How is dental caries (tooth decay) detected?
Dental caries can easily be detected by a clinical examination. Decays may be in the visible areas or on the inner surfaces of the teeth in the mouth and may progress up to the pulp (dental nerve tissue). We can use x-rays to visualize the deepness of decay that is clearly seen in the mouth. At the same time, if there is a decay possibly on the inner surface of the teeth, we can again take the advantage of x-ray or we can use caries detection light specially produced for this procedure. Again, with a strong light source or caries-staining sets, dental caries can be detected very easily.
Your doctor will absolutely notice the presence of a decayed tooth during the oral examination, but supporting this with an x-ray and showing it to the patient will increase the sincerity.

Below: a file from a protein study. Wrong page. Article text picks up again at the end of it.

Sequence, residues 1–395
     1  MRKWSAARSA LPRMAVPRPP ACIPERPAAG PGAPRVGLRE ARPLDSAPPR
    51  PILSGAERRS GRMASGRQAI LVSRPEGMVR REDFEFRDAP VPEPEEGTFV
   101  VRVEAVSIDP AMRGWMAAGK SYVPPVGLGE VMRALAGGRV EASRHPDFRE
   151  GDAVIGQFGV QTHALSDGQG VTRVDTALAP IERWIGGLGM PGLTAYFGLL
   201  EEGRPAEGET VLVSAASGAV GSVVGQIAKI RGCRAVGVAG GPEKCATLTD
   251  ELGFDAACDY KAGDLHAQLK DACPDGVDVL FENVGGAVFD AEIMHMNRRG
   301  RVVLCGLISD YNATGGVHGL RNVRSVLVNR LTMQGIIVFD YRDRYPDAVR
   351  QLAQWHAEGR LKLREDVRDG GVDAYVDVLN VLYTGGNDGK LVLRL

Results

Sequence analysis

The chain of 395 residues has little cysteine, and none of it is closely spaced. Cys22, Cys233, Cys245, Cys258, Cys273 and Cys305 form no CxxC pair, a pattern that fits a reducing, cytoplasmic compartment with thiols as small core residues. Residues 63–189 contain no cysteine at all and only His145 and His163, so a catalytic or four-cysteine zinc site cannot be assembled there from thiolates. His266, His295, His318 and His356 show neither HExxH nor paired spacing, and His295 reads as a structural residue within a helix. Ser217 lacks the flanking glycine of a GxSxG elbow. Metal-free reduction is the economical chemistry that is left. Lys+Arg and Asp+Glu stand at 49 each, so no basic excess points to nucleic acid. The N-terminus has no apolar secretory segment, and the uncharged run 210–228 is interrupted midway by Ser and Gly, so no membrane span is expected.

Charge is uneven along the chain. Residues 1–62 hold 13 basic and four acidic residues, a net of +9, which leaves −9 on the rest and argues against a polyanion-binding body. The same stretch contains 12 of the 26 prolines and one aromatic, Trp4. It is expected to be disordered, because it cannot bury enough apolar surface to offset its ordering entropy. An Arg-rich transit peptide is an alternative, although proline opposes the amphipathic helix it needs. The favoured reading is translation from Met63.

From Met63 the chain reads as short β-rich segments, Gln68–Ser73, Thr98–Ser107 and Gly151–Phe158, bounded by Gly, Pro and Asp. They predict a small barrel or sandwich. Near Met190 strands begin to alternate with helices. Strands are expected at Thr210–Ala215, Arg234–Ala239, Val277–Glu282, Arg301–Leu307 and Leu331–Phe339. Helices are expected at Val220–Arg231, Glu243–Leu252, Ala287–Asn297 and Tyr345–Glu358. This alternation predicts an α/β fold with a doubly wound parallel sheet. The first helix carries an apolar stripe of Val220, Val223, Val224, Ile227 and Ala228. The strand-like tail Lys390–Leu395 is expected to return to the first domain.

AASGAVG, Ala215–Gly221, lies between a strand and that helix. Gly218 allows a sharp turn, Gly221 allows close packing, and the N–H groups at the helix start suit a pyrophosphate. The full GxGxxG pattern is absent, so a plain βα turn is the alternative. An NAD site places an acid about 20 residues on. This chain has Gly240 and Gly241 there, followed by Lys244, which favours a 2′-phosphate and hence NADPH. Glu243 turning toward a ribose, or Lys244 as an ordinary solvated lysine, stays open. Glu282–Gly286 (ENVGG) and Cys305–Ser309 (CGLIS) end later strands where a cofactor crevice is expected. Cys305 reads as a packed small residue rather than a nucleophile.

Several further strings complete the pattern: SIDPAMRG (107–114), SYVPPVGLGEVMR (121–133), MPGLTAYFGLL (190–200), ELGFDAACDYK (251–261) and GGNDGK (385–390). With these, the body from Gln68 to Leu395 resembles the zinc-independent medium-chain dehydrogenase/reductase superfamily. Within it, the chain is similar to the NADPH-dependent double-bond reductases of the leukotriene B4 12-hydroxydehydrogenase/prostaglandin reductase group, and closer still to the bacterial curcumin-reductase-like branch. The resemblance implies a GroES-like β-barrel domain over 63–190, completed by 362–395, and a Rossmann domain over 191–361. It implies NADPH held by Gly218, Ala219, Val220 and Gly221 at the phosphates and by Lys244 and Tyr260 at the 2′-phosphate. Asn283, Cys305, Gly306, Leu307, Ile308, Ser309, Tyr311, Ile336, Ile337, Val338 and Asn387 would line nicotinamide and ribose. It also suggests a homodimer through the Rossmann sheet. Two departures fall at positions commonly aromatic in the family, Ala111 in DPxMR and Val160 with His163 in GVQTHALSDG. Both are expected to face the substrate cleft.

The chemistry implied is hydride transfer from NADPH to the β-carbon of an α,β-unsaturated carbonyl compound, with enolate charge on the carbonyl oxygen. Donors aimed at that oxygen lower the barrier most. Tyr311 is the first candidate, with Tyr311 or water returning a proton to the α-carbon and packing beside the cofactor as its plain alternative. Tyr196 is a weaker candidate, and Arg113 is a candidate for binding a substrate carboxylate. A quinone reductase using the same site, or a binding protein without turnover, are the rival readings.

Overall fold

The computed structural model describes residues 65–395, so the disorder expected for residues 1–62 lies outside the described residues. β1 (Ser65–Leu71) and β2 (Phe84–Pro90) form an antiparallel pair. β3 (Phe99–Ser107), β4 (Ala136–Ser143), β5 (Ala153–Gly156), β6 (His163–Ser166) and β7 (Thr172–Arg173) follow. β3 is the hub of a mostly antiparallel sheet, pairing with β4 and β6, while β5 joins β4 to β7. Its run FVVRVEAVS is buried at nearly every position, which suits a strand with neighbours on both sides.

How are dental caries treated?
Dental caries that have not reached the tooth's pulp (nerve tissue) can be treated very easily with conservative methods. Nowadays, the composite materials used for filling make it possible to treat decayed teeth without causing any problem both aesthetically and functionally.
Depending on the depth of dental caries, the type of treatment and the materials to be used will also change. A decay that is too deep but has not yet reached the pulp can be treated using special filling materials that allow the tooth to be repaired, while root canal therapy should be administered in cases of decays that have reached to the pulp.
What is root canal therapy?
In cases where very deep tooth decays have reached the pulp and the nerve tissue is inflamed, or when the tooth has lost its vitality as a result of trauma, root canal therapy should be administered. The nerve tissue may also be exposed during the preparation and reduction of teeth for prosthetic restorations, and root canal therapy may be required.